1635 ca. ENGLISH POETRY 1579-1830: SPENSER AND THE TRADITION

Sir Kenelm Digby

Ben Jonson, "An Epigram to my Muse, the Lady Digby, on her Husband" 1635 ca.; Jonson, Underwoods (1641) 245-46.



Tho' happy Muse, thou know my Digby well,
Yet read him in these lines: He doth excell
In honour, courtesie, and all the parts
Court can call hers, or Man could call his Arts.
Hee's prudent, valiant, just and temperate;
In him all vertue is beheld in State;
And he is built like some imperiall roome
For that to dwell in, and be still at home.
His brest is a brave Palace, a broad Street
Where all heroique ample thoughts doe meet:
Where Nature such a large survey hath ta'en,
As other soules to his dwelt in a Lane:
Witnesse his Action done at Scanderone;
Upon my Birth-day the eleventh of June,
When the Apostle Barnabe the bright
Unto our yeare doth glance the longest light,
In signe the Subject, and the Song will live
Which I have vow'd posteritie to give.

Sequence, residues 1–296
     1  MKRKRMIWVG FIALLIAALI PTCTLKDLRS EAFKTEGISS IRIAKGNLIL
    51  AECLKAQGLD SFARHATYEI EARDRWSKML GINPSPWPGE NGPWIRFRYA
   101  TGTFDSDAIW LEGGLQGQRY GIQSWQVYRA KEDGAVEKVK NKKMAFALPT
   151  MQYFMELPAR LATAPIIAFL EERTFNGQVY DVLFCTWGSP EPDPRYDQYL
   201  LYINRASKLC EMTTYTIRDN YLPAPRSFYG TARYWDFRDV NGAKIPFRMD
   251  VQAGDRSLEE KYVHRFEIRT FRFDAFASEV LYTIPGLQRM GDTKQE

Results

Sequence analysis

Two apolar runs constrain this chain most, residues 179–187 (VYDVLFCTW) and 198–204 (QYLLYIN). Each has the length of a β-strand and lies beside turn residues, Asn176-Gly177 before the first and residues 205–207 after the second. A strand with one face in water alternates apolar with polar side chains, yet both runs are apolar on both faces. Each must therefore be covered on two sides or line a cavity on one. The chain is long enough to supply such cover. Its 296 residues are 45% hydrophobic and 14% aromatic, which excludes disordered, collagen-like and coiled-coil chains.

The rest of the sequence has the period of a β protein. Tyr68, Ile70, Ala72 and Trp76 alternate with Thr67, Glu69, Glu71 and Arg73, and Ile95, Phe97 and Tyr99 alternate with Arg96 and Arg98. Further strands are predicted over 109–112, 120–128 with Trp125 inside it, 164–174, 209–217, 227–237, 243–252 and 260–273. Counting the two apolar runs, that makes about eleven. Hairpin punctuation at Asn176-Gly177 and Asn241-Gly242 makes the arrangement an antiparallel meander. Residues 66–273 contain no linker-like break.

Goe, Muse, in, and salute him. Say he be
Busie, or frowne at first; when he sees thee,
He will cleare up his forehead: thinke thou bring'st
Good Omen to him, in the note thou sing'st,
For he doth love my Verses, and will looke
Upon them, (next to Spenser's noble booke.)
And praise them too. O! what a fame 'twill be?
What reputation to my lines, and me,
When hee shall read them at the Treasurers bord?
The knowing Weston, and that learned Lord
Allowes them? Then, what copies shall be had,
What transcripts begg'd? how cry'd up, and how glad,
Wilt thou be, Muse, when this shall them befall?
Being sent to one, they will be read by all.